I saved a taxi ride by fortuitously planning to stay in an apartment near the Via Veneto in Rome, which happened to be only one block away from an office of a major international car rental company.  After a few days touring the sights, sounds, and tastes of Rome, it was time to move on to that idyllic vision of touring Tuscany by car.  The Roman-looking man behind the counter seemed polite enough, despite the verbal assault he was currently taking from a typically loud, obnoxious American tourist.  The tourist wanted a car with automatic transmission, somewhat uncommon in Italy and the rest of Europe.  “I’m sorry, sir, we have no automatics available,” said Antonio (according to his name tag).  In a huff the tourist stomped out of the office, taking his wife, two gangly teenagers, and fourteen pieces of luggage.

Next in line, I gingerly approached the counter.  “Buon giorno Antonio! I am here to pick up my car.  Unlike my compatriot, I am perfectly happy driving a manual transmission.”  I cheerfully exclaimed. Antonio started filling in the appropriate forms. And that’s when I knew it was coming.  The dreaded CDW speech.  The task of renting a car is always complicated by the fact that one can buy extra insurance, called collision damage waiver (CDW), which covers damage to the car above and beyond what any reasonable insurance company customer would think is covered by their car insurance policy.  I usually decline CDW, because I am always reading in credit card company junk mail about how I am covered if I use the credit card in question to pay for the rental.  Plus, I have car insurance, it’s required by law, don’t you know.  I rented a car in France once upon a time from an agent who didn’t speak English very well.  The next thing I knew I was paying several hundred dollars extra for renting the car because of unintended CDW.  Don’t want that.  I could spend that instead on Peronis and gelato.  The CDW scam, uh, I mean legitimate business tactic for improving net income, is used widely in Europe on jet lagged and unsuspecting American tourists.  However, I will not be caught up in it again.  And besides, I haven’t been in an accident since 1990, and that was when I ran into a deer that jumped in front of my car driving through the north woods of Wisconsin at night, so that doesn’t even count.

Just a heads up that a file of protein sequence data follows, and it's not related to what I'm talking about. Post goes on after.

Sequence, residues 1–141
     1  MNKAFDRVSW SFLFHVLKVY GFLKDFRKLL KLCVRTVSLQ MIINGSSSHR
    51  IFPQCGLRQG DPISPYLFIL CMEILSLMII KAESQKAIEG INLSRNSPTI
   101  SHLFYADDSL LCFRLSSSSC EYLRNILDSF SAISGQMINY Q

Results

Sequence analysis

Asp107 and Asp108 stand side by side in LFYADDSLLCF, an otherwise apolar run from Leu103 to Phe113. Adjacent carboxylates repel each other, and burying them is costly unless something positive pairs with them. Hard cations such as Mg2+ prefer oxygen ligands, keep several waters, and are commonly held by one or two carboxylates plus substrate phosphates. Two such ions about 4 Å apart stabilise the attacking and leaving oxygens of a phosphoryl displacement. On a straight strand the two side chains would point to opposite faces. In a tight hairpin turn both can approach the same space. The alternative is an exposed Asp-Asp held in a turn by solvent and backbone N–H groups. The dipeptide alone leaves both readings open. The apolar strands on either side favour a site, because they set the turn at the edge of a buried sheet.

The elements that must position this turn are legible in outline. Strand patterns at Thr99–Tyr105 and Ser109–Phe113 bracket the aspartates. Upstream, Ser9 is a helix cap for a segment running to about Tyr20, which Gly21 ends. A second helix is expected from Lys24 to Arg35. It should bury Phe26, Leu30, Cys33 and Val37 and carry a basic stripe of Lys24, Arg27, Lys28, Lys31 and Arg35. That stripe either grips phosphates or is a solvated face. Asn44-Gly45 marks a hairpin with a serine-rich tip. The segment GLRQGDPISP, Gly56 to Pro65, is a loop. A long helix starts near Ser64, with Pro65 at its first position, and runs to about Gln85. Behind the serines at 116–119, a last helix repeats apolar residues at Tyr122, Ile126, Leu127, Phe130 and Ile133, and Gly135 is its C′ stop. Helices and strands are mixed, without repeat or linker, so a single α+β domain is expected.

Antonio spoke very good English.  He gave me the CDW spiel, I understood every word he said, and I confidently initialed in the proper place declining the unnecessary and extra coverage.  Ha!  I have defeated the dreaded major international rental car company at their game.  Take that.

“I’m sorry, sir, we don’t have any red Alfa Romeo Spyder convertibles available.  And I see that your reservation is for a four door compact car, with a manual transmission.” Antonio informed me once the paperwork was done.  “I believe that the color of your car is grey, sir.”

“Whatever” I say, just give me the keys so I can get to cruising hill towns and sipping Chiantis.  The luggage would not have fit in the Spyder anyway.

Getting out of a major European city in a car can be a tricky and complex operation.  I study maps for weeks before the trip, as if I am attempting a winter climb of Mount Everest.  I print our several different scale maps of the area.  I zoom in on Google Earth to the exact location and memorize the street configuration.  I use Google Street View to know what I am up against.  I even map out my own directions, since most of the computer generated driving directions are wrong most of the time.  The goal is to get out of the maze of city streets onto a major road that connects to a highway that intersects with a freeway that leads out of the city.  Maps in hand, configuration memorized, views in mind, we prepare to set out.  After all the planning and preparation, I don’t even drive, I make my wife Lisa do it.  The reason for this is that I can only do one thing at a time.  I can’t drive and read the several layers of maps, street views, and street signs needed to escape the city’s orbit without crashing into oncoming traffic.  If I drive, that means Lisa navigates.  If she navigates, we usually end up going around in circles for hours until we run out of gas, while she asks me where on the map we are.  We make a good team when I am the navigator and she is the driver.

We take a left, a right, a left, and finally a right, adeptly navigating the Roman one-way streets.  Yes, we can do this!  Confidence builds as we hit the major road, then the highway, and finally the A1 freeway.  We have successfully driven out of Rome! We are racing down the Autostrada!  That wasn’t so hard.  I didn’t even use all of the maps I had printed.

My little yellow Vespa!
Give me a Vespa or give me death!

Stay tuned for episode 2…